As Trudeau told his audience in Hamburg, he had just completed a national tour of town hall forums, taking questions from anyone who happened to show up. This was not without political risk, he said, and it could be unpredictable and sometimes intense, “but it’s only in having those tough conversations that we can get at the heart of what matters.”
There was a hint of Trudeau the listener when anti-vaccine mandate protesters forced his campaign to cancel an event last August. The prime minister said then that “anger” should be met with “compassion.” But Trudeau eventually took a much harder line with the angry crowds that followed him. He was similarly dismissive of the convoy, calling it a “small fringe minority of people” who have “unacceptable views.”
There were elements in both protests that were worth condemning: the election campaign protesters who threw stones at the prime minister, insulted his wife and shouted offensive comments, the racist and extremist views expressed by some of the convoy organizers, the convoy’s stated mission of overthrowing Canadian democracy, the harassment of citizens in Ottawa.
Those who called on the prime minister to meet or negotiate with the occupiers in Ottawa — including prominent federal Conservatives — seemed bent on ignoring such facts.
Trudeau’s words come back to bite him
Trudeau could argue that some of his comments have been made to seem worse than they were. His suggestion to one interviewer that some of those who oppose COVID-19 vaccination were “misogynistic and racist” has since been framed as an attack on all the unvaccinated.
But the lesson of Hillary Clinton’s “basket of deplorables” moment in 2016 is that leaders (particularly progressive ones) have to choose their words carefully to avoid creating a rallying cry for opportunistic populists.
In Trudeau’s case — however much he might have wanted to “listen” — he ended up standing in opposition to some of his fellow citizens. That’s harder than standing up to Donald Trump or the illiberal ideas that leaders like Trump promote.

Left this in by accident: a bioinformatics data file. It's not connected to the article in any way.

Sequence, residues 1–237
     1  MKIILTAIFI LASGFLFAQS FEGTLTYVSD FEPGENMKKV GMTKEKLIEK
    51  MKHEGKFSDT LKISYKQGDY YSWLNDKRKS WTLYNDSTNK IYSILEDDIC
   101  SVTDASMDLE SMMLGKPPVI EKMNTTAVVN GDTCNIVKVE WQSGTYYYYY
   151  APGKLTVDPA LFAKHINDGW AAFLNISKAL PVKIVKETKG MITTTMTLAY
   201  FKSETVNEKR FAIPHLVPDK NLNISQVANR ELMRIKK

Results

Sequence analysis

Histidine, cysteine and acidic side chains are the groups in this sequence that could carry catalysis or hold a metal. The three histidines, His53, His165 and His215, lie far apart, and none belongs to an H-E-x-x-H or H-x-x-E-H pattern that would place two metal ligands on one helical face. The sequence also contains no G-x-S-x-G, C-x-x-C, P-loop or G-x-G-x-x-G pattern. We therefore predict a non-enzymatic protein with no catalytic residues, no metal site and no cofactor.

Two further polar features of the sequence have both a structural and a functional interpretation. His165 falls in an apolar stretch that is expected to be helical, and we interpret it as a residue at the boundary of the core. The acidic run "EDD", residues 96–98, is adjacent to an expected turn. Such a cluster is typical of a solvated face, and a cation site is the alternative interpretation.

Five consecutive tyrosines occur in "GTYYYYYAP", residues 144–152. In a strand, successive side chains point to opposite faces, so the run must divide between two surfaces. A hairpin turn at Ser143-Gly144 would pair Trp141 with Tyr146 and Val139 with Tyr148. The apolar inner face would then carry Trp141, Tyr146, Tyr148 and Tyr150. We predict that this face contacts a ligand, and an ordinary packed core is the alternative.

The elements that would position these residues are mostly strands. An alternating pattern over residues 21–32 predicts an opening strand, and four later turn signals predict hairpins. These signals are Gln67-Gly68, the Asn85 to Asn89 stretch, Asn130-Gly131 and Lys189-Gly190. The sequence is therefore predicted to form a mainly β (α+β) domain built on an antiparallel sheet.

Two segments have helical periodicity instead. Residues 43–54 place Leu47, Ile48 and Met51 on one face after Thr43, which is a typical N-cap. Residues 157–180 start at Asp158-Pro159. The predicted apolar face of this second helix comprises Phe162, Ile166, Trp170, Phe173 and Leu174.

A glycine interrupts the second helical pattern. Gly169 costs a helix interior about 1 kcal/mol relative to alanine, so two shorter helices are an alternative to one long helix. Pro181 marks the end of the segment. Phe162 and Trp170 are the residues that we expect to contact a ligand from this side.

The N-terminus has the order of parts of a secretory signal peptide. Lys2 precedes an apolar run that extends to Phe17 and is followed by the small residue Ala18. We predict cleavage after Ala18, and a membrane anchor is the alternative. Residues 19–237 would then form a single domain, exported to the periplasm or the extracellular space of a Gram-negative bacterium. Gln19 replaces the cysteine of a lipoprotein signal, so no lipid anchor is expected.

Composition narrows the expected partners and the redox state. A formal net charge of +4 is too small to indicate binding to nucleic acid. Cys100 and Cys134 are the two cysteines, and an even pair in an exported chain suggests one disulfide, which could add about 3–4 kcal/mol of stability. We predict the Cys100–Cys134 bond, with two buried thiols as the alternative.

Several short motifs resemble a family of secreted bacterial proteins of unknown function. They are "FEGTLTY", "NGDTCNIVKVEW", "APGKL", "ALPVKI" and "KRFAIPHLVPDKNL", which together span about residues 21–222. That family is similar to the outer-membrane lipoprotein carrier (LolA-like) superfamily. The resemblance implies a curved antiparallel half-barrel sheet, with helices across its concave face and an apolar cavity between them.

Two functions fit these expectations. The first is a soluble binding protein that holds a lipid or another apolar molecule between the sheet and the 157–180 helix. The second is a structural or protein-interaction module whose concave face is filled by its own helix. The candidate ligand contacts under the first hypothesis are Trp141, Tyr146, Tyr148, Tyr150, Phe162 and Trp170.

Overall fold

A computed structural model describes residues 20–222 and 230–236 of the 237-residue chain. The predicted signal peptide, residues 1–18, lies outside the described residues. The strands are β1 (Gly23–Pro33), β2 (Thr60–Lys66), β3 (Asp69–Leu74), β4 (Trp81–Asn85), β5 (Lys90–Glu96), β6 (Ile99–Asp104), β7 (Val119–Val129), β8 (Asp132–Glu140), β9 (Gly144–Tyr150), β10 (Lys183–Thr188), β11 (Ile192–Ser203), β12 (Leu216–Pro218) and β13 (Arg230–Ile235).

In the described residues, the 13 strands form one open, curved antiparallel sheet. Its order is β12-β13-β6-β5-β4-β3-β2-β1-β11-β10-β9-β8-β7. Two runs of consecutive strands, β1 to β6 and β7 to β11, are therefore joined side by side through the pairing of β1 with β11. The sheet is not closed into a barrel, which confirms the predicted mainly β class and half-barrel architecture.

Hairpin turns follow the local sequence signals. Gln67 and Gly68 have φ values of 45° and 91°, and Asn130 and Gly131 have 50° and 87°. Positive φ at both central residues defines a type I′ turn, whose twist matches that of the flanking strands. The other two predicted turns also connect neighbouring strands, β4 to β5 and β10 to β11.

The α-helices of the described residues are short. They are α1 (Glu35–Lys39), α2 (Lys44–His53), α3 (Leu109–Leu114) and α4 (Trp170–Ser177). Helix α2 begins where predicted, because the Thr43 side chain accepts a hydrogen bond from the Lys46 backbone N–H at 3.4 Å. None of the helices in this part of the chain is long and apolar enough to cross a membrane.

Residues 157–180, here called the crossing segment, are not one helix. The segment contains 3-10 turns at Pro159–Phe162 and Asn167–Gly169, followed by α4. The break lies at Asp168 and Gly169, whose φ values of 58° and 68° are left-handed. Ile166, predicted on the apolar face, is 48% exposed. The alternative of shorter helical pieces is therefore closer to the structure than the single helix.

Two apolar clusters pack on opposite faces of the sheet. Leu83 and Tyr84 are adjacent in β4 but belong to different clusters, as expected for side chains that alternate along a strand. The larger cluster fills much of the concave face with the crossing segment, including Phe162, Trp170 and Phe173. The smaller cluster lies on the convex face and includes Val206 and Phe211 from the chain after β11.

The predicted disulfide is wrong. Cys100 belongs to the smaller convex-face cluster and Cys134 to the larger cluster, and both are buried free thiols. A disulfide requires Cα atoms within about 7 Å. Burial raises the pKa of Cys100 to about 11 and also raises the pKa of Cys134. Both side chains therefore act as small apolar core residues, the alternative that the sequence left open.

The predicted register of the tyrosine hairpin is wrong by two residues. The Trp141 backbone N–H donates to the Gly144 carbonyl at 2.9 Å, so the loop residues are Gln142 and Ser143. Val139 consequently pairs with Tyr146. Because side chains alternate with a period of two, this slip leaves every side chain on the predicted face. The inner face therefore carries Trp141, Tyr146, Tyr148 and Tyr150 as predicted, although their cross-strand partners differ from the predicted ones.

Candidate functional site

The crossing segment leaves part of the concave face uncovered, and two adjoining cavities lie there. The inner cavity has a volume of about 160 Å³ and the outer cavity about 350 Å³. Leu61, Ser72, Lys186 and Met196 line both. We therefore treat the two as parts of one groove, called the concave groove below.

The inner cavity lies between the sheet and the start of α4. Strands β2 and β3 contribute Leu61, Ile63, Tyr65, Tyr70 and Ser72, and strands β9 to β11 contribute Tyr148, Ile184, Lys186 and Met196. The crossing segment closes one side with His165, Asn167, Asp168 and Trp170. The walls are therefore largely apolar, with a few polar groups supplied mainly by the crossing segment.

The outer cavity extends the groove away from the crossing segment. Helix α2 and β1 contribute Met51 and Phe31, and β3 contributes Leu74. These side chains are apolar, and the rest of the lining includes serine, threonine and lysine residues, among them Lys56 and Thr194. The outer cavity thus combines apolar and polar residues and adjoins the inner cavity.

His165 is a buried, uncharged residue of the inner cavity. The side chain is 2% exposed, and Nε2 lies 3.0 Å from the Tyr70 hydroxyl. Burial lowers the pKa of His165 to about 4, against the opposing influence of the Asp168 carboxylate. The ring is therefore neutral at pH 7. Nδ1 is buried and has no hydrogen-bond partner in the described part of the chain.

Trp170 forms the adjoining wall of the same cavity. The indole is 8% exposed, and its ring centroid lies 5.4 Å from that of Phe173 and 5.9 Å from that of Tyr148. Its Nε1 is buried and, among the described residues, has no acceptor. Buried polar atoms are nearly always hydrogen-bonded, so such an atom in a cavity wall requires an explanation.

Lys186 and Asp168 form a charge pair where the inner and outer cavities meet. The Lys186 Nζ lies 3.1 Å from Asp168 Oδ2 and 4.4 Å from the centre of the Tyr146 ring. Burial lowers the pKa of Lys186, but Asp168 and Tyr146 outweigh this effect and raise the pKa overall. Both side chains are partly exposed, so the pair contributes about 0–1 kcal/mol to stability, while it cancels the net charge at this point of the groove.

It does not follow that Trudeau is to blame for the protests. But the convoy demonstrated the need for people in public life to find the line between compassion and capitulation — to acknowledge the concerns of angry, uneasy voters while still rejecting the influencers and ideas that cannot in good conscience be humoured.
The convoy has brought back to the foreground the central challenge of Trudeau’s first four years as prime minister — to defend liberal democracy and establish a model of progressive government that can stand up to the forces of populism and the anti-democratic and illiberal energy that often comes with it.
The pandemic did not wash all that away. In 2017, the problem might have seemed largely theoretical to Canadian progressives. It’s a lot more tangible now, not least because the convoy was embraced by several prominent Conservatives — including Pierre Poilievre, the current frontrunner to become the party’s next leader.
It’s also not hard to see how anxiety and frustration might be further stoked in the years ahead by the transition to a clean economy.
“Whether you’re a business or a government, it’s time to realize that this anger and anxiety we see washing over the world is coming from a very real place,” Trudeau said five years ago. “And it’s not going away.”
Whatever the Trudeau government has done since 2015, the task of winning the argument against extreme populism is not nearly finished. In fact, the work may only have begun.